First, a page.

It seems equally plausible, especially given how quickly they announced the SDK after the iPhone release, that Apple was preparing for it but not ready yet (and/or wanted to give themselves time to work out the early kinks in all of the other parts: working with AT&T, supporting the new device and new OS, etc, etc).

It was reported in the Isaacson biography:

"Apple board member Art Levinson told Isaacson that he phoned Jobs “half a dozen times to lobby for the potential of the apps,” but, according to Isaacson, “Jobs at first quashed the discussion, partly because he felt his team did not have the bandwidth to figure out all the complexities that would be involved in policing third-party app developers.”

Apple had already established a model for selling third party software on the iPod video line through iTunes -- with select partners only.

When WWDC 2007 rolled around, after the release of the iPhone, Jobs presented web apps as the solution for developers, without the need for an SDK. It was only after months of sustained outcry from the development community, and the nascent jailbreaking scene, that Jobs announced that they would prepare a public SDK for the next year, after they decided on a method of signing and sandboxing applications.

None of which contradicts my thesis: that it wasn't rejected, but that Apple wasn't ready at the time of release to undertake the task of opening it to all comers.

The supposition that it was only due to the outcry of the development community is exactly that, a supposition.

According to an Apple board member it was rejected internally by Jobs himself.

What was amazing was the '07 jailbreak experience was like 1000% better than what I'd experienced with Palm or WinMobile.. tap, tap, app appeared on home screen with a "lickable" loading progress bar.

I seriously doubt that jailbreakers invented the smooth experience - they just likely unlocked the functionality that existed before Apple was ready to push it out (I'm guessing Steve wanted apps in the store at launch).

Yeah the UI assets had to be there in the first place. Compared to SBSettings, the jailbreak era control center, which looked like someone taped together the buttons, and it becomes apparent that Job's statement was just salesmanship.

Oh really. That, I wasn't aware of. Well, at least they saw the cash cow that the App Store could become at some point, and acted. It's good to change your mind when new information comes to light.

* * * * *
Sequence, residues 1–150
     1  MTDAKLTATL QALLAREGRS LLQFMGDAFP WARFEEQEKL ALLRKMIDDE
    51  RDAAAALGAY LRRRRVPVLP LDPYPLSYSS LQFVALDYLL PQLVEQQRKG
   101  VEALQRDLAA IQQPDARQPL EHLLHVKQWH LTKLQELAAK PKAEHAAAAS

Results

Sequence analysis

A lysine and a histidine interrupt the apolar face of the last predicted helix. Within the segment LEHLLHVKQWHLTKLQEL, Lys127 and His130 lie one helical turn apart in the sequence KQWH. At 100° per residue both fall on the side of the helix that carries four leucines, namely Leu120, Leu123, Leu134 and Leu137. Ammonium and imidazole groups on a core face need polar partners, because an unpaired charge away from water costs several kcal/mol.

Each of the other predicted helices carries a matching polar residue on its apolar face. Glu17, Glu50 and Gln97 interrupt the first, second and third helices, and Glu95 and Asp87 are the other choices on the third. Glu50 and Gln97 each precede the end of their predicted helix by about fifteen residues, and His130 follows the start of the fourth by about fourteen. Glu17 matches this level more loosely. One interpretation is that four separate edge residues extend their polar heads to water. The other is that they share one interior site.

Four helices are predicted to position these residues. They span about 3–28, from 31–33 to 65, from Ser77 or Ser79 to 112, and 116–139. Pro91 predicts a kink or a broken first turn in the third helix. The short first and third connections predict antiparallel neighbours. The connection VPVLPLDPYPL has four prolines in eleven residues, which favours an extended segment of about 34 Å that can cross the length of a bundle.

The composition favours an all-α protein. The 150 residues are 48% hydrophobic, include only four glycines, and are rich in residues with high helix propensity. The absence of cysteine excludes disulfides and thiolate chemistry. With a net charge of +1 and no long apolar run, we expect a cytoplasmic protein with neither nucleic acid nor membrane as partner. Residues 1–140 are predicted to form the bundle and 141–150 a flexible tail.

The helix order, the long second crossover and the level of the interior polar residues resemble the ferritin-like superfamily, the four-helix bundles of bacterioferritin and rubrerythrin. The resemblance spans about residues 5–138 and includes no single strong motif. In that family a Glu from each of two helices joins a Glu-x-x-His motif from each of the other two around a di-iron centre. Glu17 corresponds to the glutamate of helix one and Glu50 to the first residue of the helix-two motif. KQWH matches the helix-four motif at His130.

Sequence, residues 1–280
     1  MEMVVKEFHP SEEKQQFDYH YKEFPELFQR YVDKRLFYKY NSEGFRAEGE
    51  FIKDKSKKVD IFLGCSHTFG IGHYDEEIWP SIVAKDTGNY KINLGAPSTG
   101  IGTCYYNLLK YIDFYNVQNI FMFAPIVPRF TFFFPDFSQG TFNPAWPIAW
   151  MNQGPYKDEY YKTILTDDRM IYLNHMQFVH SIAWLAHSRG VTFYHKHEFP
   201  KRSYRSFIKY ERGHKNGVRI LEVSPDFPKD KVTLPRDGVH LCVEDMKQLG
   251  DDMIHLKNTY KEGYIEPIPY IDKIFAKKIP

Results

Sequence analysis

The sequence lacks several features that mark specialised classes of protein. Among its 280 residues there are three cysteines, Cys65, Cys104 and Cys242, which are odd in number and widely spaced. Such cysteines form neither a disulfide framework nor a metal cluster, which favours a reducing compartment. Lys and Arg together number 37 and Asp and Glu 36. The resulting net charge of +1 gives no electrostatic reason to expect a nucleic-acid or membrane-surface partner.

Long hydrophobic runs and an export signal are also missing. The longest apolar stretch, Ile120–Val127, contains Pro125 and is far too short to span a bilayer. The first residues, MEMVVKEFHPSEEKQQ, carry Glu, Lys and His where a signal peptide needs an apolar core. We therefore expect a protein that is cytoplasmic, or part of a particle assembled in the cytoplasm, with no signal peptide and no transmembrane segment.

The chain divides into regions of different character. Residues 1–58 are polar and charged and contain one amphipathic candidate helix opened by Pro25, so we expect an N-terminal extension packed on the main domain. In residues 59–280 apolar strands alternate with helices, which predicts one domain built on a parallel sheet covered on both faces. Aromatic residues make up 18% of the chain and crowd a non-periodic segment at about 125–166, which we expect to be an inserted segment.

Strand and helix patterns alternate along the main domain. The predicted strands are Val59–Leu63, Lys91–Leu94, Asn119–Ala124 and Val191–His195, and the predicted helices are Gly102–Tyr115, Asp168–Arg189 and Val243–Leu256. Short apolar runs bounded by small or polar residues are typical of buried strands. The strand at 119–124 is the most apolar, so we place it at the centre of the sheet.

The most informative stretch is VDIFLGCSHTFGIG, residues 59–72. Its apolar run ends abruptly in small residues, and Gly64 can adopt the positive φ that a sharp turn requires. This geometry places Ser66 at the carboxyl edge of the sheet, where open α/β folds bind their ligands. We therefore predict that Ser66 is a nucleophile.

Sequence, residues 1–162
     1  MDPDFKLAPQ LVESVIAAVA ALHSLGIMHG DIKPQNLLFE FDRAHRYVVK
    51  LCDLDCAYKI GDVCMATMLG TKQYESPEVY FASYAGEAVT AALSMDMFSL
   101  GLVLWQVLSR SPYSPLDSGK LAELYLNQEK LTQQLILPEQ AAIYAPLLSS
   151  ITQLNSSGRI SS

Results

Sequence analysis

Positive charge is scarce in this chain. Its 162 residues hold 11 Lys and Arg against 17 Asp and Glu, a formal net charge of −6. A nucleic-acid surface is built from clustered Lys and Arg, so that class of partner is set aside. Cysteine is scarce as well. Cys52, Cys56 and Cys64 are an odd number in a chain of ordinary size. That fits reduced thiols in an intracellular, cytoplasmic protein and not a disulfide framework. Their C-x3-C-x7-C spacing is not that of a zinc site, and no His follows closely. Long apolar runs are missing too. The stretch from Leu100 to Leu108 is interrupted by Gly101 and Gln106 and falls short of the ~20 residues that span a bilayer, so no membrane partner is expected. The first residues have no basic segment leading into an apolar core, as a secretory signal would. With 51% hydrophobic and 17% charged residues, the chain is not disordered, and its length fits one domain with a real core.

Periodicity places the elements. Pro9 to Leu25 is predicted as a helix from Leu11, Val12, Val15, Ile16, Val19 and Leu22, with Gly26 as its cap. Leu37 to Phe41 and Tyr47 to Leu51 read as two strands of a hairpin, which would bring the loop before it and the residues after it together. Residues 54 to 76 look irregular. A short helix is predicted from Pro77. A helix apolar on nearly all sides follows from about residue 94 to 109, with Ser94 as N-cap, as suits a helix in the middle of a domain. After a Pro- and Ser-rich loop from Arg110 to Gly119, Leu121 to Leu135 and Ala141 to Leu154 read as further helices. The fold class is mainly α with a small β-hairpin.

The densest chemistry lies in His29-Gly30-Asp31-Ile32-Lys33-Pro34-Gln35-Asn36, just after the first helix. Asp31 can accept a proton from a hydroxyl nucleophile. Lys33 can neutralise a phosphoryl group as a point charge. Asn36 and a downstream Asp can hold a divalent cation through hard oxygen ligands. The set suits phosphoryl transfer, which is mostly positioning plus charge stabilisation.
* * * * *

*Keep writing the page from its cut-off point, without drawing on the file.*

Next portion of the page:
I suspect people rooting and writing their own apps pushed them as well. If they didn't control the 3rd party apps, other people would.

I'm rather firmly convinced that the "they don't need native apps" was Jobs merely stalling til the SDK was stable enough to release to the public.

"The one who, at the first iPhone release, told developers that they don't need native apps because using HTML + WebView is enough, right?"

Nowadays we have plenty of people complaining that they have to have "apps" for everything when they have a perfectly good web browser on their phone, so he wasn't that far off.

For OS X, the decline began under Jobs with 10.7. I'd always assumed it was simply that Apple no longer cared about computers; in Jobs' own words, “milk the Macintosh for all it's worth and get busy on the next great thing.”

>For OS X, the decline began under Jobs with 10.7

So what issues do you have with 10.11? Because I don't see anything to complain about. Then again, I also didn't see anything troubling in 10.10, 10.9 and 10.8, with the exception of their ill-fated transition to a new DNS backend, which they later reverted.

A few bugs here and there, yes. Nothing I haven't seen since 10.2, or that's not comparable to the kind of issues I have with Windows 10 or the Ubuntu box I use for development (actually that's far worse, but I digress).

I'll take a crack at that:

- UI non-responsiveness: it is extraordinarily frequent that I will chord a tab change in Safari or in iTerm2, and the system will not respond for sometimes multiple seconds. It's the same with creating tabs in Safari. ⌘-t or ⌘-{ do not respond.

- Application switching focus failures: ⌘-tab will raise another window, but window focus will not follow. This has caused me to lose work. ⌘-tab, ⌘-w will sometimes close an iTerm2 tab that's behind the Safari window I'm looking at.

- Mouse pointer lag: Probably related to the input lag above, the trackpad will not respond for multiple seconds after I begin touching it. If I "wake" it with a two-finger scroll, it will often lose half the input and instead click.

- AirPlay stuttering: even two ethernet-wired systems will still lose data between them. It's a crappy experience.

- discoveryd: My Apple TV's network name is currently "Apple TV (5)". Macs sometimes do this too.

- Slow laptop wakeup: I almost always have to tap a keyboard key to wake the display after opening my laptops (MBr and MBPr). Almost always. But not always.

That's just off the top of my head. Many of these have followed me between OS X revisions and different hardware. It amazes me that such bugs stick around.

As I read your comment I was thinking "Huh, I've never seen those focus failures on Mac, but they happen to me on Windows at work all the time."

Then I clicked Chrome in the dock, hit Cmd-Q, and watched Safari disappear while Chrome opened a new window. Guess it's not just you.

>UI non-responsiveness: it is extraordinarily frequent that I will chord a tab change in Safari or in iTerm2, and the system will not respond for sometimes multiple seconds. It's the same with creating tabs in Safari. ⌘-t or ⌘-{ do not respond.

Ok, for this I can't say much, because every since 2010 or so I've used Chrome in place of Safari. As for iTerm2, I've tried to switch to it several times over the years (later mostly because of Tmux integration) but always found it to be buggy and reverted to the Terminal.